Airframers Combine Forces To Promote Aviation Biofuels
Persistently high oil prices and the imperative of reducing aviation’s carbon footprint have driven rivals Airbus, Boeing and Embraer to partner in the quest for cleaner-burning biofuels. The airframers signed a memorandum of understanding March 22 at the Aviation and Environment Summit in Geneva to jointly promote the commercialization of “drop-in” biofuels—alternative fuels that make use of the existing petroleum infrastructure.
“There are times to compete and there are times to cooperate,” said Jim Albaugh, Boeing Commercial Airplanes president and CEO. “Two of the biggest threats to our industry are the price of oil and the impact of commercial air travel on our environment.” Added Paulo Cesar Silva, Embraer president of commercial aviation: “We are all committed to take a leading role in the development of technology programs that will facilitate aviation biofuels development and actual application faster than if we were doing it independently.”
Airlines face cost pressure both to reduce fuel consumption and lower emissions. The International Air Transport Association said March 20 that it is downgrading its 2012 industry profitability outlook by $500 million from its December forecast, primarily due to rising oil prices. It now expects the price of oil to average $115 per barrel, up from the previously forecast $99, boosting fuel to 34 percent of average airline operating costs. The FAA, citing an IHS Global Insight projection, earlier this month forecast the price at $100 per barrel this year, an increase of 6 percent from 2011. The agency said it expects the price to rise to $115 by 2020 and to $138 by 2032.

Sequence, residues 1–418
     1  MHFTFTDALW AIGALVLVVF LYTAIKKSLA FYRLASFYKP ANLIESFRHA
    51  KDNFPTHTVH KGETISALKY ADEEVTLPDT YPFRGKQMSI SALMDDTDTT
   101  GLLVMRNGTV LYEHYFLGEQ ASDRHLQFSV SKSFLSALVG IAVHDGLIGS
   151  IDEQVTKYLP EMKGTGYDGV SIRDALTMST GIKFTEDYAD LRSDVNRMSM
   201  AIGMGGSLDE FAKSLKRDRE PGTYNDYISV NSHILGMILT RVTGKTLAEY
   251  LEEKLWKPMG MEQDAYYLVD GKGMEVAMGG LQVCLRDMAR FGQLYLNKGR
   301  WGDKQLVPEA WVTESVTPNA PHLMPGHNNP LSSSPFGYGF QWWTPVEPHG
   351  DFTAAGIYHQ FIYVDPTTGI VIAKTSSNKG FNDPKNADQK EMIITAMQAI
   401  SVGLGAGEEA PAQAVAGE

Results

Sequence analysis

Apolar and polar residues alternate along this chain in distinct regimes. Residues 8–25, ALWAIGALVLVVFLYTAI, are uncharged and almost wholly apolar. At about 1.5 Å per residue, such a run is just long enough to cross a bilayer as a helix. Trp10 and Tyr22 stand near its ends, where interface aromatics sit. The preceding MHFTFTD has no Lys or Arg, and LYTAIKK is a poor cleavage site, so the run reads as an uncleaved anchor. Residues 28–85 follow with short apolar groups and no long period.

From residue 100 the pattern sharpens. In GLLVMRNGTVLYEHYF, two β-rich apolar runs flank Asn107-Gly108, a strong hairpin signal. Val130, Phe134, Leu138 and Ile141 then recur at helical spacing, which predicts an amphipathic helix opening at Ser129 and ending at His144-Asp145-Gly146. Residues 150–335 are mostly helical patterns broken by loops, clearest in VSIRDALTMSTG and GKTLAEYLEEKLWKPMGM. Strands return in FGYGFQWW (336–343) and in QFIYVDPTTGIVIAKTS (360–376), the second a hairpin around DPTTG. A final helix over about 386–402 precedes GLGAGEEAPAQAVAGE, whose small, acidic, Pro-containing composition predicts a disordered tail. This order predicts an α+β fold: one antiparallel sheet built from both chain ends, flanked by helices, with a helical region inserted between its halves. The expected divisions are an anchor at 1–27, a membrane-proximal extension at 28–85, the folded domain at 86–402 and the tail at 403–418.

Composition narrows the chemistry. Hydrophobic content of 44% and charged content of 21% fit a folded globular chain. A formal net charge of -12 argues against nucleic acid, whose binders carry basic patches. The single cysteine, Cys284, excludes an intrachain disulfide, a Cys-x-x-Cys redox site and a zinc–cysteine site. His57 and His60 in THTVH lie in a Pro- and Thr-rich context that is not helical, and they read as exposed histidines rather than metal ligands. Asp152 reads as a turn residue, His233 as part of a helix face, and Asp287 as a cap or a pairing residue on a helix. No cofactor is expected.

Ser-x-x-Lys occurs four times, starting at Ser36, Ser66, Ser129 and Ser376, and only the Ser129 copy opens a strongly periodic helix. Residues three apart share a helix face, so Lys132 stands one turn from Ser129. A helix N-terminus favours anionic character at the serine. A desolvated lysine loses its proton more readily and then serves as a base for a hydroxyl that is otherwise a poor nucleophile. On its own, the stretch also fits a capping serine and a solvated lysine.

Meanwhile, the airline industry and numerous governments are confronting Europe over its emissions trading scheme, which promises an escalating cost in carbon credits. The industry has said it will develop a solution by next year through the International Civil Aviation Organization.
The Geneva agreement commits Airbus, Boeing and Embraer “to speak in unity” to governments, biofuel producers and other stakeholders to promote the availability of alternative jet fuels. The airframers already participate in the Sustainable Aviation Fuel Users Group, which includes 23 airlines responsible for about 25 percent of annual aviation fuel use.
Last October Embraer, Boeing and the São Paulo State Research Foundation agreed to participate in a study, scheduled for completion later this year, on “creating a cost-effective, bio-derived and sustainable jet-fuel production and distribution industry in Brazil.” All three airframers have supported demonstration flights using biofuels since they won approval for commercial use last year.